Tri-Valley cities hold onto healthy pavement quality marks | November 11, 2022 | Pleasanton Weekly | |

Pleasanton Weekly

News - November 11, 2022

Tri-Valley cities hold onto healthy pavement quality marks

Dublin and Danville still at top locally but lose points; Pleasanton, San Ramon and Livermore stay steady

by Jeanita Lyman

The latest data on pavement quality in the Bay Area shows Tri-Valley cities keeping their high scores overall, despite a slight drop in points for two municipalities with the best-scoring roads in the area.

The annual Metropolitan Transportation Commission (MTC) report on Bay Area pavement conditions was released on Oct. 24, showing Danville and Dublin as continuing to be among the highest-ranked Bay Area municipalities -- and the top two in the Tri-Valley -- for road conditions.

Dublin received a score of 82 in this year's report, compared with 84 last year, and Danville lost a point from last year's report, with the town's roads scored at 79.

"Our dropped one point due to the fact that our annual pavement maintenance work was delayed due to contracting COVID-related issues," Danville Mayor Newell Arnerich said. "Our pavement maintenance program usually occurs when school is in recess over the summer."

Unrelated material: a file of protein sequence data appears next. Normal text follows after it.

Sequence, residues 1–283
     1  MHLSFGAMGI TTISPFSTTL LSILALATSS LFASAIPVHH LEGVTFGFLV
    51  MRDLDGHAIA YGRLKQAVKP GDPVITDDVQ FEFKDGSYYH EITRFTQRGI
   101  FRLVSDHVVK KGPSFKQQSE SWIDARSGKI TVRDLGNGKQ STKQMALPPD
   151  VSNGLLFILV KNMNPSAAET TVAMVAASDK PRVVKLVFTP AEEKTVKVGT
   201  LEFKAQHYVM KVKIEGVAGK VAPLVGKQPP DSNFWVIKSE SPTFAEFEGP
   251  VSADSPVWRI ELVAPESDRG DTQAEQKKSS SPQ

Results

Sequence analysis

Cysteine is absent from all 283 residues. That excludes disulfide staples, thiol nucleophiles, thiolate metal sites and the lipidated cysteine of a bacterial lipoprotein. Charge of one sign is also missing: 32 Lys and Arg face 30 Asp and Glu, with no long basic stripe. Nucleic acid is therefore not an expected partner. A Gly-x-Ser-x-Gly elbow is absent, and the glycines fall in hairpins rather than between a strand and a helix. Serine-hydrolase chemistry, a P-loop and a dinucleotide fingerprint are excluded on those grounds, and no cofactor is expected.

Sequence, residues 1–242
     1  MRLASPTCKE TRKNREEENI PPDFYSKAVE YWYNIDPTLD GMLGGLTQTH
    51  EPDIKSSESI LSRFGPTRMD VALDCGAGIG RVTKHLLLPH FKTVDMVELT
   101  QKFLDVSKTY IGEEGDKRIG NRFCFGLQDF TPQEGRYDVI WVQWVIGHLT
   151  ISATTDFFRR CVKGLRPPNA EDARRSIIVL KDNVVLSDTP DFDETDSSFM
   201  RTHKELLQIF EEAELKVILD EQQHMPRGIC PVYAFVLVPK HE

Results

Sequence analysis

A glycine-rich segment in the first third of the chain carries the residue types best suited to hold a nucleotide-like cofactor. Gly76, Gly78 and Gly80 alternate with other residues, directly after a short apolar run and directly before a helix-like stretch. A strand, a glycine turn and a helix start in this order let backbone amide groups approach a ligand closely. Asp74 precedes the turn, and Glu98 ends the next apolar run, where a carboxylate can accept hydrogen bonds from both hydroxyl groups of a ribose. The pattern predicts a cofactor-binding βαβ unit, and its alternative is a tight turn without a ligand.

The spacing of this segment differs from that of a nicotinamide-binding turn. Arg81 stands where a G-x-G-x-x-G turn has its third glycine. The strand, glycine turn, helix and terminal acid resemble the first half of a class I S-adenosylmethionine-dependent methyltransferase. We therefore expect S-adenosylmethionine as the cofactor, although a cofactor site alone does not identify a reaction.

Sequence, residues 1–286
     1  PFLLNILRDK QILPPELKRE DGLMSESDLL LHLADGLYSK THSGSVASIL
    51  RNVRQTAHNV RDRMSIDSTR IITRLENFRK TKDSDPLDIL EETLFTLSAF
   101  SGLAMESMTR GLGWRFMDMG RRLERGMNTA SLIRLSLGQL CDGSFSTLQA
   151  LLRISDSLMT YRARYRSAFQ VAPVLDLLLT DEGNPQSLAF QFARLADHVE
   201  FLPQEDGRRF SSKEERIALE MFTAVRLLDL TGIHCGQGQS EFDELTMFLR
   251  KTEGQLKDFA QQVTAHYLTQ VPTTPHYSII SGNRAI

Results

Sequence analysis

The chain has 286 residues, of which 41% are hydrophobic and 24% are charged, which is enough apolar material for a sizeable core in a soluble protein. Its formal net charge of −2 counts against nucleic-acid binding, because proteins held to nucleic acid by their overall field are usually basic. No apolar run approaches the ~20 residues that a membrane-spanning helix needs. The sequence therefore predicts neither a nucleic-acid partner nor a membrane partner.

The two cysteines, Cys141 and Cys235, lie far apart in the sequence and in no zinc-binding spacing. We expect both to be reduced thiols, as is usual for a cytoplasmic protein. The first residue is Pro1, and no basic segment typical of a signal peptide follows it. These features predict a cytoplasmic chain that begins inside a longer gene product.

Despite not being a significant loss, the one point difference puts Danville below the 80 point threshold that delineates the "good" from the "very good" categories in the MTC report.

"Unfortunately, due to labor and supply chain delays, our annual work is delayed nearly six months, thus this improvement work is not counted in the current rating," Arnerich continued. "We will be back up by the early of next year. It is the council's priority to keep Danville streets in very good condition."

The rest of the Tri-Valley's incorporated communities received the same scores as they had in last year's report: 79 in Livermore, and 78 in San Ramon and Pleasanton, placing them safely in the "good" ranking from the MTC.

Despite not gaining any ground in pavement quality according to the latest data, the Tri-Valley communities continue to be above the Bay Area-wide average of 67 points, which has remained the same for the past six years.

"The good news is that our counties and cities have been able to prevent major deterioration, thanks in large part to the state gas tax money they receive through the SB 1 local streets and roads program," MTC Chair Alfredo Pedroza said. "The bad news is we're still a long way away from our goal of bringing the Bay Area's streets and roads into a state of good repair, which would raise the regional average into the mid-80s."

As of the latest data, Dublin was one of six Bay Area cities with the "very good" ranking from the MTC.

The full MTC report is available at


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